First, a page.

Her mother encouraged her shy daughter’s artistic talent; At 10, she took art classes at the Watkins Institute in Nashville. After high school, she spent a year at the Traphagen School of Fashion in New York, married Frank Ulbrich in 1948 at the age of 21 and had a daughter, Jane. Her early work defined her interests: she decorated children’s clothing and cribs, and made portraits of women, children and pets. “Kids have big eyes,” she said. “They’re the most expressive part of the face, and they kept getting bigger.”

Margaret divorced Ulbrich in 1955 after meeting and marrying Walter.

After her divorce in 1965, Margaret Walter agreed to continue selling and promoting her work. He continued to take most of the credit, and she was silent on the matter. “The whole thing snowballed, and it was too late to say it wasn’t him who painted them,” she said. “I will always regret not being strong enough to stand up for my rights.”

Amy Adams as Margaret Keane and Christopher Waltz as her husband Walter in the film Big Eyes. Photo Credit: Leah Gallo/The Weinstein Company/Allstar

She moved to Hawaii, where she met and married sportswriter Dan McGuire, whom she credited with restoring her confidence. In 1970 she gave an interview in San Francisco in which she claimed the authorship of her pictures. A “paint-off” was set up in Union Square, but Walter never showed up.

In Hawaii, Margaret, who was involved in various New Age activities, became a Jehovah’s Witness; Her beliefs seemed to mirror her description of her “Children in Paradise” paintings. They are what I think the world will be like when God’s will is done.”

McGuire died in 1983. Three years later, Margaret sued Walter and USA Today, who conducted an interview in which he again claimed to be the artist behind her work. A federal court judge in Honolulu ordered another paint job; Margaret put out a wide-eyed painting in 53 minutes, while Walter refused to take part, claiming that he had a sore shoulder.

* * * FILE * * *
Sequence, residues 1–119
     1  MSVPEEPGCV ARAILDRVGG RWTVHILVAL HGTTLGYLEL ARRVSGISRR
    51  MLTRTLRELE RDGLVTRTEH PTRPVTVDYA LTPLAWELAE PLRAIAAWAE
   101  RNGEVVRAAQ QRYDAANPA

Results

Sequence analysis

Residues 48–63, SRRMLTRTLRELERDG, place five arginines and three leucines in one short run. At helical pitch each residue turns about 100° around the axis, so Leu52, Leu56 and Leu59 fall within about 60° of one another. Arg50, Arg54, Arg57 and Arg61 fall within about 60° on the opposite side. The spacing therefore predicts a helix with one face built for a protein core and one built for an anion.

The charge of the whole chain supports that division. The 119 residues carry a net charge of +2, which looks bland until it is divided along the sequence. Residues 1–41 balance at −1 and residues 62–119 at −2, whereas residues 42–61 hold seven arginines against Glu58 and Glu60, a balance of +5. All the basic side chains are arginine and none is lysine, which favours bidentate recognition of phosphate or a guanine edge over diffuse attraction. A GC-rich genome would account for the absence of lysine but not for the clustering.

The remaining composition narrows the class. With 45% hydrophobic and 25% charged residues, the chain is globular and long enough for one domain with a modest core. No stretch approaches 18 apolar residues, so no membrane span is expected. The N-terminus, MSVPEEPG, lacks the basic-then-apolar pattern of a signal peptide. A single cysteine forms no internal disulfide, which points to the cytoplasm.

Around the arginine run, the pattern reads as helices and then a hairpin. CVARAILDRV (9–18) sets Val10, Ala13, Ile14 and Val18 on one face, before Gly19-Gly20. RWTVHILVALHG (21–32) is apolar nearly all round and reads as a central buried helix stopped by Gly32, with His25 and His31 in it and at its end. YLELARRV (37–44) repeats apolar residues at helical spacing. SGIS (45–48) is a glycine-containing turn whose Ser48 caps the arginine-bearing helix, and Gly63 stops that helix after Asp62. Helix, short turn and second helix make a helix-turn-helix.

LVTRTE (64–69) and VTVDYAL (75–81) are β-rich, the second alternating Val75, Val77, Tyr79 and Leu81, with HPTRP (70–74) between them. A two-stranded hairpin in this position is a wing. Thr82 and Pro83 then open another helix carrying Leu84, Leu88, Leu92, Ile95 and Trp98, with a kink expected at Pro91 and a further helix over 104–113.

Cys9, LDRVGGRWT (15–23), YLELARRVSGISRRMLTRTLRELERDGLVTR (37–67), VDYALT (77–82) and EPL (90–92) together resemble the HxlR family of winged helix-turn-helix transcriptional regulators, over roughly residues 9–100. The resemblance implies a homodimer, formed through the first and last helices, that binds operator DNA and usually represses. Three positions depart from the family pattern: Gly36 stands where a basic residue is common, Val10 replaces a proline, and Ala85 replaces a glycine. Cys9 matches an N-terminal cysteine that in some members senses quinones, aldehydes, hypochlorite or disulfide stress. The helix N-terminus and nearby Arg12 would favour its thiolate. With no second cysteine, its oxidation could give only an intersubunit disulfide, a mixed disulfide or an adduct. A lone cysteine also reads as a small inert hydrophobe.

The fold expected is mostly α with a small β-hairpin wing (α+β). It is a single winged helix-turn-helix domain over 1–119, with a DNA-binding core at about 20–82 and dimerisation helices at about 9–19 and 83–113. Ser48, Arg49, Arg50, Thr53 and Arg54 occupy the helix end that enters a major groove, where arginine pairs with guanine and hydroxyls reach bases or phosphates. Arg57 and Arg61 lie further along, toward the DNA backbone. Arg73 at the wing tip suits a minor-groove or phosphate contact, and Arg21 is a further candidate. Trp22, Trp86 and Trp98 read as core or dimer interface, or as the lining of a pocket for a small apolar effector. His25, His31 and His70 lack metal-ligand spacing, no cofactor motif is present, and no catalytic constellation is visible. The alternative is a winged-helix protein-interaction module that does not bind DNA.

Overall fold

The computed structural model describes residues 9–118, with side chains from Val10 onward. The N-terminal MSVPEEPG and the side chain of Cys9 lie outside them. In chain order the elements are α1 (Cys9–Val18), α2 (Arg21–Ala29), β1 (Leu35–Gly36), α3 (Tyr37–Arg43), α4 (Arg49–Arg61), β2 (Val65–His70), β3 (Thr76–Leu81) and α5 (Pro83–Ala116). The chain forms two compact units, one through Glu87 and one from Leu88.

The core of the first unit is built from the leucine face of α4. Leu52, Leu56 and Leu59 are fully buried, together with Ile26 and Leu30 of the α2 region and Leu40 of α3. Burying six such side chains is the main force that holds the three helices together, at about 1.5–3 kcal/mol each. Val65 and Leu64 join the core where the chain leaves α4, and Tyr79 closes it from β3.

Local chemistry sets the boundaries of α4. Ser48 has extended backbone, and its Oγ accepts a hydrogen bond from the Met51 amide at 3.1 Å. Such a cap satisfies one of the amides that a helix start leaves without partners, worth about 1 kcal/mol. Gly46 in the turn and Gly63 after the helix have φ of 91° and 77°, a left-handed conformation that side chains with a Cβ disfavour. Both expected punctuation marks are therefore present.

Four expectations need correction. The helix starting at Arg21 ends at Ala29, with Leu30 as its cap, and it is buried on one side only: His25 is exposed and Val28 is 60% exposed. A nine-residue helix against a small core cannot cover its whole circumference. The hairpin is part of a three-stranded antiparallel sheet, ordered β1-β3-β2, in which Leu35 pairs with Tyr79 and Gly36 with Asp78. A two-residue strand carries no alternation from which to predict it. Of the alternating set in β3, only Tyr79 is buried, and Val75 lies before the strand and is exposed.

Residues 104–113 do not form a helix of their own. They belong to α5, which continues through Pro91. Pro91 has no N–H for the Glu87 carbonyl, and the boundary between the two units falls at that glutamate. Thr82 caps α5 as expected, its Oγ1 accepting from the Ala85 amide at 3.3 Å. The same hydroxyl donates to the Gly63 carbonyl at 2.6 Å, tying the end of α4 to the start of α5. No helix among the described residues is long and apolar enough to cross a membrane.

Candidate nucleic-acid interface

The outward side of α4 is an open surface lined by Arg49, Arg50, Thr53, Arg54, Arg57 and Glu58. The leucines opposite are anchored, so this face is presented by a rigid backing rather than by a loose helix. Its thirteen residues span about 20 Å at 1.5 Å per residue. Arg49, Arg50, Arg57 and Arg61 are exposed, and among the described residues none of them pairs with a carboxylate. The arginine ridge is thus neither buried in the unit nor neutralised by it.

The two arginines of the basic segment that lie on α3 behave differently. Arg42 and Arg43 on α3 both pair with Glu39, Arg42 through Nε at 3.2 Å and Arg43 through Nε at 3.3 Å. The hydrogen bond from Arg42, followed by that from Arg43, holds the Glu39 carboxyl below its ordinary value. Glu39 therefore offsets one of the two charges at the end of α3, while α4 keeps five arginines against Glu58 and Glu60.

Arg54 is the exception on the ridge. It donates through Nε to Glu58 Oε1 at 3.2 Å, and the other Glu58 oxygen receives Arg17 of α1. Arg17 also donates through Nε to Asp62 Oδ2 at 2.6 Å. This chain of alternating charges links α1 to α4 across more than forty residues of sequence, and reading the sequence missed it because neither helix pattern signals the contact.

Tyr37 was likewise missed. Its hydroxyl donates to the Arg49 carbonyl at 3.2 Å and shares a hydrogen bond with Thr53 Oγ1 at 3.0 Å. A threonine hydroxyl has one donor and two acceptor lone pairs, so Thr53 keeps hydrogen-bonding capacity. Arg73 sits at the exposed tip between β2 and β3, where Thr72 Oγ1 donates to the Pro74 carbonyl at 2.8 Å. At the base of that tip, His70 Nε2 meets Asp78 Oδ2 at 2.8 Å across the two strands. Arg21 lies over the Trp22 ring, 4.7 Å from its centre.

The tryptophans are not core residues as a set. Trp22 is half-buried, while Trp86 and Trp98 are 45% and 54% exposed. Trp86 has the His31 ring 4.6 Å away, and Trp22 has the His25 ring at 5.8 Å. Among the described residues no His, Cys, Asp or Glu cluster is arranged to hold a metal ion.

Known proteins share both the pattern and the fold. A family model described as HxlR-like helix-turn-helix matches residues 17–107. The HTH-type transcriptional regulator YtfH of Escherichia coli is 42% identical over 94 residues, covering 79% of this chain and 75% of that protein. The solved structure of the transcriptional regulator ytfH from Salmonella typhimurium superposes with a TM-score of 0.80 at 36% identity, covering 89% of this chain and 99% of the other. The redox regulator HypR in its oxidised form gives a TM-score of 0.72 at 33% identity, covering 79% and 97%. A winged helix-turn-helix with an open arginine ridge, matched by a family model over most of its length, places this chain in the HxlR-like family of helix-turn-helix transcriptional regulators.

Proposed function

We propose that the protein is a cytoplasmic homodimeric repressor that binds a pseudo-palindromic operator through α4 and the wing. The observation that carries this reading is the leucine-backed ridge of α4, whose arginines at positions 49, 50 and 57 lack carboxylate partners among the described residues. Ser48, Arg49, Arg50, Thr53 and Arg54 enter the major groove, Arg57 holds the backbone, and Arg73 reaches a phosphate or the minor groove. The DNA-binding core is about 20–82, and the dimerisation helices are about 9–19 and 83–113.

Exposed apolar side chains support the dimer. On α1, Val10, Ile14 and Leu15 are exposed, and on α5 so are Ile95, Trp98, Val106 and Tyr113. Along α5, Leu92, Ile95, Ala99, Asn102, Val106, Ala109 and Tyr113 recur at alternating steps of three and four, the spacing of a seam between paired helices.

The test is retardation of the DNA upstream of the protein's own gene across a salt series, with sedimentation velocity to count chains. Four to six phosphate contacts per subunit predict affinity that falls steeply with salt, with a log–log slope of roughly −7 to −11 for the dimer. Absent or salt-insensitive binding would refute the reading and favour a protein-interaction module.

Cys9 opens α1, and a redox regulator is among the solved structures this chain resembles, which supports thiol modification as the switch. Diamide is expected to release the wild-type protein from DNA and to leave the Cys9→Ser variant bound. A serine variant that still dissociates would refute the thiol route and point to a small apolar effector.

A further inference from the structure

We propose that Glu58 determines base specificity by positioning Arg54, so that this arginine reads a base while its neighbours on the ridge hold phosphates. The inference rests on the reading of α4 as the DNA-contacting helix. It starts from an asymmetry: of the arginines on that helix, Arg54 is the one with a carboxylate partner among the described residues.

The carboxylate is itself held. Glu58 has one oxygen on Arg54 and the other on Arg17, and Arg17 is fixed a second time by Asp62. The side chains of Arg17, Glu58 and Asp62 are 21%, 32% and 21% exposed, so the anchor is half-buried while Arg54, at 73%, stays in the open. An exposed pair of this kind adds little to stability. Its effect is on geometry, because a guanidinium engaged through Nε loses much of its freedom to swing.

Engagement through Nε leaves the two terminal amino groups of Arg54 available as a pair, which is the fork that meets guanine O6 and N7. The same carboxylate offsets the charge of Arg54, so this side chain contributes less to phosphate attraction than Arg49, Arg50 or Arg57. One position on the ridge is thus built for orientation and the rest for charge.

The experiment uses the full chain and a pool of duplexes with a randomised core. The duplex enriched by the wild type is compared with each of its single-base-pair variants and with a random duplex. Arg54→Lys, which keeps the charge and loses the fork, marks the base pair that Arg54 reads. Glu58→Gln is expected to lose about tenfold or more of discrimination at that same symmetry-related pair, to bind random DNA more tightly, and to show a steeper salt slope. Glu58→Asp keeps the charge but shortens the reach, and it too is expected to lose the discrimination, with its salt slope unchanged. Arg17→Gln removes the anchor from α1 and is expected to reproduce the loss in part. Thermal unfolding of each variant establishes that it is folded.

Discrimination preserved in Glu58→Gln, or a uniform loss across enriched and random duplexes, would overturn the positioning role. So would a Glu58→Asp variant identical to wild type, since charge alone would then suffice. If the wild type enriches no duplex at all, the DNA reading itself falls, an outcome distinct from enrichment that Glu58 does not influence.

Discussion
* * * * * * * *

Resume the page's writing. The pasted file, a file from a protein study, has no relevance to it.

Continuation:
The jury awarded Margaret $4 million in damages; Walter declared bankruptcy, and although an appeals court upheld the verdict in 1990, they reversed the arbitral award. Walter died in 2000.

In 1992, Margaret moved to San Francisco where she ran her own gallery, Keane Eyes. In recent years she has lived in Napa, California with her daughter Jane. Her designs inspired several children’s book series and the cartoon Powerpuff Girls, whose teacher is Ms Keane.

Burton was a collector of Keane’s work and in 2000 commissioned her to paint a portrait of his then partner Lisa Marie and her Chihuahua. His 2014 film was an affair of the heart that was 11 years in development; It’s easy to see the affinity between Keane’s themes and Burton’s characters, who are often metaphorically wide-eyed and innocent in a dangerous world she doesn’t understand. Margaret had a cameo role as a woman on a park bench in the finished film. In the same year, a book, Citizen Keane: The Big Lies Behind the Big Eyes by Adam Parfrey and Cletus Nelson helped rekindle interest; In 2018, Keane received a lifetime achievement award from the Los Angeles Art Show.

She is survived by Jane, five stepchildren from her third marriage, Danny, Maureen, Brian, Colleen and Mary Ann, and eight stepchildren.

Margaret Keane, artist, born September 6, 1927; died June 22, 2022